Hi guys!!

Very excited to announce I will be at Customs House – Wednesday April 22, 6-8pm – taking part in a panel with fellow YA authors Will Kostakis and Gabrielle Tozer. If you are in Sydney and can come along – please do!!! A great chance to meet some of you guys! And after the panel I’ll be hanging around to sign books and chat.

Can’t wait to see you!!!

Event is free but please book your ticket at:

Posted in Uncategorized | Leave a comment




**Please note: This is uncorrected and unedited. Please forgive any errors!**

‘If an enemy has alliances, the problem is grave

and the enemy’s position strong…’

Sun Tzu

It could be a trap. Should be, Onyx thought.

The thought only made his smooth stride quicken, he even added a skip or two. He could think of nothing better than another war with Joel. And there was no denying he was intrigued. His desire to be The One who brought the eternal war to the next level was rooted deep.

Something whispered in his mind, taunted him with humanity; go back, preserve, but then the angel kicked in, forge on, I am mighty, and then the exile, I must not be denied. The exile always won.

The last time Onyx and Joel crossed paths they came close to tearing one another’s hearts out. His lips curled at the memory, eager now. Slaughter of the light always kindled a little extra something in him.

Angels, ruled by the Seraphim, broke into many ranks but no other division compared to the divide that existed between light and dark. In the angel realm the presence of one meant the complete and utter absence of the other. But here as exiles, there were no rules other than – to rule.

Onyx strode towards the church, unfazed by Joel’s venue selection. They were longtime foes, both by their occupational distinction as much as their exiled status. It was not in their nature to ‘collaborate’ as Joel, exile of light, had put it when he proposed a ‘peaceful negotiation’ during their recent shared dream-walk.

‘Times have changed,’ Joel had said.

Onyx agreed with that much. Destroying humans, even in numbers, seemed to achieve less and less. Humans were a plague angels had encouraged for far too long. You could kill as many as you wanted, but they bred like rabbits. And then there were their protectors …

If there is only one thing light and dark exiles agree on – it is the need to eliminate the Grigori: the humans who carried the essence – and therefore the powers – of angels.

Onyx looked over his shoulder. He could feel his darklings moving in the shadows, just as he’d instructed. He ran a hand vainly through his hair, styling it just so. Appearances counted.

Gressil stepped out from his cloak of darkness nearby, nodding once to Onyx. ‘Are we to attack?’ Gressil asked, anticipation showing in his bright eyes.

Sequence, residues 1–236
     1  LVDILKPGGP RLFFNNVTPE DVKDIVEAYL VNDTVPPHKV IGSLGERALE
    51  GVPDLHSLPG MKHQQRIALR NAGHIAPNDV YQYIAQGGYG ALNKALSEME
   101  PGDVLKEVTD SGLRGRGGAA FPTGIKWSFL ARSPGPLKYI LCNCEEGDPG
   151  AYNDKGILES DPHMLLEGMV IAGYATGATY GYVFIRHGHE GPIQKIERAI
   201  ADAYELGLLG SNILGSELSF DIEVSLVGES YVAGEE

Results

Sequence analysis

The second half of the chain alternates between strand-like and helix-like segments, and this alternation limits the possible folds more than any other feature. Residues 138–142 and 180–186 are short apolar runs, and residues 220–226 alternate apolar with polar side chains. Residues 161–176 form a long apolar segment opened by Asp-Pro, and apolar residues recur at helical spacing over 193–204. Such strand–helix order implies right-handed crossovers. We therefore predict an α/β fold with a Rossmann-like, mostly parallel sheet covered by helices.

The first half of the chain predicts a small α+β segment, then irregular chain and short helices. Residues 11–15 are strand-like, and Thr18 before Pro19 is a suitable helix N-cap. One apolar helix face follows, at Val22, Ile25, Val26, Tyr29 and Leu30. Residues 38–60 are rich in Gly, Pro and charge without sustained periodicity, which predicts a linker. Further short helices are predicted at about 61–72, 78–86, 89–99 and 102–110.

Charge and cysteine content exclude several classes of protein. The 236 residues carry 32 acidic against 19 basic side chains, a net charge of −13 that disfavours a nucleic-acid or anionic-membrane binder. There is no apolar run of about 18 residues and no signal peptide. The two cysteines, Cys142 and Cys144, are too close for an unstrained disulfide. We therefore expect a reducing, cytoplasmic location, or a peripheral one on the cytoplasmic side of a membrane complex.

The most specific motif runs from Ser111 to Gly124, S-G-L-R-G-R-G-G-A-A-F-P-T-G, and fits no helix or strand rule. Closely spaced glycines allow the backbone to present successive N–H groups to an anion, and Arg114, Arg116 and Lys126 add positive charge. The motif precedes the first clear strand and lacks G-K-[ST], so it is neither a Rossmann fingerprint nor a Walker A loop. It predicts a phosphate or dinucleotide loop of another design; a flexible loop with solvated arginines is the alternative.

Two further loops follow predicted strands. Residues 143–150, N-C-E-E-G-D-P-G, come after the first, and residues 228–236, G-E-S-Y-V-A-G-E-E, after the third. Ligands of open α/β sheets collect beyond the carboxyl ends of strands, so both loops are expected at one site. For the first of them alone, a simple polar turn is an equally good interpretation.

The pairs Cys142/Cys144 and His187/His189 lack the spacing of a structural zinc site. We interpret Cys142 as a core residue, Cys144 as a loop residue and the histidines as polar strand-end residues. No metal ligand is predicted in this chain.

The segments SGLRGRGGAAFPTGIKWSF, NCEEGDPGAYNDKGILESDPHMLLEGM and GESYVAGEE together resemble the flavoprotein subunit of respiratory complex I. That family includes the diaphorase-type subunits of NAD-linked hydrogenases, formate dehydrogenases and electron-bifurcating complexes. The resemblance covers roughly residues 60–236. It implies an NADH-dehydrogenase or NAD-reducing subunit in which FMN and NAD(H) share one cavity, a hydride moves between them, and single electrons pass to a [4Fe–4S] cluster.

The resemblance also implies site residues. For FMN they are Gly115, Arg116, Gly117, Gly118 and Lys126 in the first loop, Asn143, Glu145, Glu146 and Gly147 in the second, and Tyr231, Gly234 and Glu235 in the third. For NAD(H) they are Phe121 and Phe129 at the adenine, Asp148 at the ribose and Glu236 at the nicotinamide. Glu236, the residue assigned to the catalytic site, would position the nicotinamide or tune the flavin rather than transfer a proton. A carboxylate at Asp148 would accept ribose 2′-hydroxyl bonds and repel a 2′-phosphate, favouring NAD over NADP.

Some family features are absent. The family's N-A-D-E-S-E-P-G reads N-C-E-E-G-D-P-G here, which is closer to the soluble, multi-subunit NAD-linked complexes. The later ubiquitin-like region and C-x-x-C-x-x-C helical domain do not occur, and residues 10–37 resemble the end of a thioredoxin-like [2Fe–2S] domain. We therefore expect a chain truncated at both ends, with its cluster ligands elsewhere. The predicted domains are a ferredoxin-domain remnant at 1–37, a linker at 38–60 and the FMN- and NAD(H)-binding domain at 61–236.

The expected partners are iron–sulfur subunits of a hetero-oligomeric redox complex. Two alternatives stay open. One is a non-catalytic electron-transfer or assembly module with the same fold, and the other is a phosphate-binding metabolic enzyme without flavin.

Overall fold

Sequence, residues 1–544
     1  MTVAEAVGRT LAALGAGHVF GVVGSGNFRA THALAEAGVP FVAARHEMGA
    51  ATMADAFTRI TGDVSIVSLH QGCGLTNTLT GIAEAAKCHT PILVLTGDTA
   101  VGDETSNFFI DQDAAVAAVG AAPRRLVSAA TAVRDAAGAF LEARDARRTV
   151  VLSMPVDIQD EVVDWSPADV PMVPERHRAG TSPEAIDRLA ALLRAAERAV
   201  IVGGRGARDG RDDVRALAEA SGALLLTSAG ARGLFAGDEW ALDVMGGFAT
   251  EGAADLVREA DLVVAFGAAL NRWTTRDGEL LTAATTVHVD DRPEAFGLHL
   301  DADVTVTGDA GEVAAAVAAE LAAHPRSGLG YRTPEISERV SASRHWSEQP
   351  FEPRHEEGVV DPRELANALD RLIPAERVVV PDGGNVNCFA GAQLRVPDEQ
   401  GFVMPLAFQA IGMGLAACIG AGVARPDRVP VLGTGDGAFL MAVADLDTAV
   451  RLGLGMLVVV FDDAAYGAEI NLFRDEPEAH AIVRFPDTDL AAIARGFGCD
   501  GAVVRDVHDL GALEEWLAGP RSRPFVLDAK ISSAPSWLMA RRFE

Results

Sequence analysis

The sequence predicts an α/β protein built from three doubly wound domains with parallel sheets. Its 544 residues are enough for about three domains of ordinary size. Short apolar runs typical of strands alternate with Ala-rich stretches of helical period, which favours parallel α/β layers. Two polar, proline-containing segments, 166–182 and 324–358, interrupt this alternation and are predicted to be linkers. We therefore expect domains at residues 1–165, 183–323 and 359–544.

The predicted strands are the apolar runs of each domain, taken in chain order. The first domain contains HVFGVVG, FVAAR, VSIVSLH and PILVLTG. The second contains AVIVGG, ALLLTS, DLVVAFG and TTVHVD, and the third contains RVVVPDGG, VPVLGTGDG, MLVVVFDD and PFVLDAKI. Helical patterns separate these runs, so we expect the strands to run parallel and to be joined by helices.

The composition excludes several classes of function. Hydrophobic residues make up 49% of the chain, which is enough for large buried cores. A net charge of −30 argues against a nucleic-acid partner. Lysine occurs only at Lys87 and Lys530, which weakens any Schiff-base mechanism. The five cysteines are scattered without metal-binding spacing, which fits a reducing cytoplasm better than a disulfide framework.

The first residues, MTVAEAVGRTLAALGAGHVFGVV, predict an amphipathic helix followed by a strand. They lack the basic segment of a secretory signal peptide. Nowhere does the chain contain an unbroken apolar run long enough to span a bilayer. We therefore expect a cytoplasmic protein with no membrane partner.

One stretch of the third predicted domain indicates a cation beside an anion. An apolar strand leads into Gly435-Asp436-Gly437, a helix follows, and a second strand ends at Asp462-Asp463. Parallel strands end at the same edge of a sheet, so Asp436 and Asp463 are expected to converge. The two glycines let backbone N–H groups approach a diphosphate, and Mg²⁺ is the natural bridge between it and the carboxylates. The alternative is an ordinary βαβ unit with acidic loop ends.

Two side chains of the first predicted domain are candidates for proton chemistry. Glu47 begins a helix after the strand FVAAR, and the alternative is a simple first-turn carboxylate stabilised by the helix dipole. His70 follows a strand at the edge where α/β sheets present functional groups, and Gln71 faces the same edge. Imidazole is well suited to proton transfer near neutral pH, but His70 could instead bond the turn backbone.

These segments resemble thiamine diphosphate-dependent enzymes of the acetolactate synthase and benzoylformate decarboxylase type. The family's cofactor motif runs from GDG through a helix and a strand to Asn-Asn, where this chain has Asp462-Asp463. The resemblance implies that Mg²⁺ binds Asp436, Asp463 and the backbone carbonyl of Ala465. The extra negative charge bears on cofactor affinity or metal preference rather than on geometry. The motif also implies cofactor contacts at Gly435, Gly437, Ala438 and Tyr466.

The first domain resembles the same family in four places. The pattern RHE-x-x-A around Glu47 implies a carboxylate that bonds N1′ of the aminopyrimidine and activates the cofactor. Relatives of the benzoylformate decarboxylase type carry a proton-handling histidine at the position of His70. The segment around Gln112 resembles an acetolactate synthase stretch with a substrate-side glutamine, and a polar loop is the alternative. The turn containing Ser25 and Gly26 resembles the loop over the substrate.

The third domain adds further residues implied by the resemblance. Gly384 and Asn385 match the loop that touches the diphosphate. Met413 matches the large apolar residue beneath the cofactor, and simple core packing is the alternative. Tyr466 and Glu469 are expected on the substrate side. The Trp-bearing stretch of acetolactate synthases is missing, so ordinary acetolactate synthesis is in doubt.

Onyx shared in Gressil’s desire to indulge in battle. His forces were mightier and certainly more hostile. Sneering hungrily at the thought he felt a surge of power behind him as his ranks caught the scent of violent possibilities.

But war is more enjoyable when it is cruel. And true cruelty meant first biding his time. He glanced to the church roof. ‘Scale it and cover every possible entry or exit point. I’ll tell you when.’

Gressil hesitated. He was a purest, all about the kill. Onyx looked him in the eye until he nodded and faded back into the shadows.

Even before he reached the large doors to the church, he could smell the reek. Human flesh. Onyx snorted. One thing he didn’t appreciate was a lack of cleanliness. Kill them, certainly, but do not live in the filth they leave behind.

Rodents indeed, he thought. Human value was always exposed in the vile odor of their death. When all the sheen of ‘freewill’ is taken away – all that’s left is the stink – the real, despicable, unworthy rot. Even as exiles in human form, such degradation would never be bestowed upon one of them.

He pushed the door open, letting it creak to the maximum. He smiled, using his foot to wedge it halfway, pausing to straighten his Gucci jacket – navy blue today, to off-set his raspberry tie. A daring selection he’d deliberated over. He took his time, feeling no fear but needing a moment to contain his excitement at the prospect of battle. Killing Joel would bring much pleasure.

He chuckled condescendingly, his polished black shoes clacking against the stark white marble as he began down the aisle. ‘Do you not get tired of sitting in houses where another is worshipped, Joel? Or is it that you fantasise about a future where the stained glass reflects your own image?’